“Hold harmless” means “harming schools”


Minnesota’s three major party gubernatorial candidates debated educational policy on the morning of Sept. 10. The debate, hosted by the Association of Metropolitan School Districts, yielded a much-bandied about phrase, commonly heard during legislative sessions: “hold harmless.”

Specifically, State Representative Tom Emmer, the Republican candidate, pledged to hold K-12 funding harmless in the next budget biennium. Specifically, he promised to repay the $1.4 billion budget shift in 2014. That means he’d pay back the money that the State of Minnesota promised Minnesota’s schools then declined to disburse in order to balance this most recent state budget.

Hold your horses, Representative Emmer. Let’s slow down and ask what, exactly, does “hold harmless” mean?

I’ll fairly ask all 201 Minnesota legislators the same question. We’ve heard “hold harmless” from both DFL and GOP caucuses as they’ve jimmied educational funding to resolve the state budget deficit. I’m not playing favorites here. Raiding school piggy banks is an unconscionable act that compromises Minnesota’s future prosperity. Rep. Emmer, however, seems among the few elected officials still using the phrase.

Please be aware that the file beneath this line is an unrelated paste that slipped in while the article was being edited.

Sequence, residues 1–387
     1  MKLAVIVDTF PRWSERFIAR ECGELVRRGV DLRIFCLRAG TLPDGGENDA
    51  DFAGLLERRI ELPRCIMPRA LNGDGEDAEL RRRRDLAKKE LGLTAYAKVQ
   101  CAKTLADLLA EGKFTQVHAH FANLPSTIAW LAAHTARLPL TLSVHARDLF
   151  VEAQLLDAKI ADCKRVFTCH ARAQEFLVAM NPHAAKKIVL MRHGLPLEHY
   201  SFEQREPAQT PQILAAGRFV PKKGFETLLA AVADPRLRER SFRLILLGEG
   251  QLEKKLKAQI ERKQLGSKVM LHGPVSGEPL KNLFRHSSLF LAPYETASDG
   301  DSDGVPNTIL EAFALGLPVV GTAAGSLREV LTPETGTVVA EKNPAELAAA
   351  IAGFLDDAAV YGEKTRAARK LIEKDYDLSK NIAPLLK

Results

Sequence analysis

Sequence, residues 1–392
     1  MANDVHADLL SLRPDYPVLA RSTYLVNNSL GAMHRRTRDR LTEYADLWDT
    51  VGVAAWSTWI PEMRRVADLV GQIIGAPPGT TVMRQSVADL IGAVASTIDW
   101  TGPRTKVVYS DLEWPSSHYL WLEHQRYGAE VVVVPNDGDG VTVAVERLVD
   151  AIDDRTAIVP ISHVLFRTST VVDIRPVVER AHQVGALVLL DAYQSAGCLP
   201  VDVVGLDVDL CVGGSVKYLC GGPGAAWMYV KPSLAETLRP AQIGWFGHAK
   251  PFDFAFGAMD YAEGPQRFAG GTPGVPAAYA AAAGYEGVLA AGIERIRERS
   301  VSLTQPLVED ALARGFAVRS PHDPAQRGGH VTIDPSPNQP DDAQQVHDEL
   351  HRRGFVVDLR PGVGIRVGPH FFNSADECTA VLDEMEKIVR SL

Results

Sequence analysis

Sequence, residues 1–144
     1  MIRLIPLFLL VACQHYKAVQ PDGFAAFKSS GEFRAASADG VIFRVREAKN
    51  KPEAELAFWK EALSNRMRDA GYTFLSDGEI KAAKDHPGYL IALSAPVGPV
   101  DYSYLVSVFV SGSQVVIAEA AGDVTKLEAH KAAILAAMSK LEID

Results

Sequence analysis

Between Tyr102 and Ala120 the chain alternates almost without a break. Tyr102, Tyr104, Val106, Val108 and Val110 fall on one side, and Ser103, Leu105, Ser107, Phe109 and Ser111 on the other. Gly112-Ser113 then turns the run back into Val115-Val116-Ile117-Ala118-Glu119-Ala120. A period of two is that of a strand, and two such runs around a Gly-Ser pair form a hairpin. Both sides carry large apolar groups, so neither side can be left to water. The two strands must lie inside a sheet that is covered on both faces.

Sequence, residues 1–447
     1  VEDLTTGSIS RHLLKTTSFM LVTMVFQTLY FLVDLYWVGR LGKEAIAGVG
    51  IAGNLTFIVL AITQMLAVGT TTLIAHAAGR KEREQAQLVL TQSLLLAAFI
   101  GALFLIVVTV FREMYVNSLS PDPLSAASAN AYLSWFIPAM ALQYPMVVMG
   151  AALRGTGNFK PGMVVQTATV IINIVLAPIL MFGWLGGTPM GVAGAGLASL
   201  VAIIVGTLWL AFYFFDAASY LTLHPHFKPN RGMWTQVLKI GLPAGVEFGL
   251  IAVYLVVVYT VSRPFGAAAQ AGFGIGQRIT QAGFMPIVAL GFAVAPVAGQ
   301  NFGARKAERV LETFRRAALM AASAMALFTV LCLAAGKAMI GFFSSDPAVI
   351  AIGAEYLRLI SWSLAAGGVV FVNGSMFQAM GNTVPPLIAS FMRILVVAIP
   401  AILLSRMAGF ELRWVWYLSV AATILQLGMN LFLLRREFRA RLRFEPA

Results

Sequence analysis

The idea behind “hold harmless” is simple. It means “you shall not be harmed.” However, the phrase is actually an Orwellian rhetorical dodge that, like all things labeled Orwellian, means the opposite. By withholding funds and by rejiggering state transfer payment schedules, the state is harming schools. The euphemism, “hold harmless,” is supposed to distract us from what’s really going on.

We’re not fooled.

I think the education policy debate is healthy, necessary and welcome. Watch the replay at The Uptake. I applaud all three candidates for engaging this difficult issue because Minnesota’s persistent recession is yielding less tax revenue, causing public budget deficits. The solution lies in making tough budget-cutting decisions, increasing state taxes, and crafting effective economic development strategies that create jobs and grow Minnesota’s economy.  People understand that challenge but don’t claim that underfunding schools will hold them harmless.

Telling us that it’s raining, while spitting in our ear, doesn’t work either.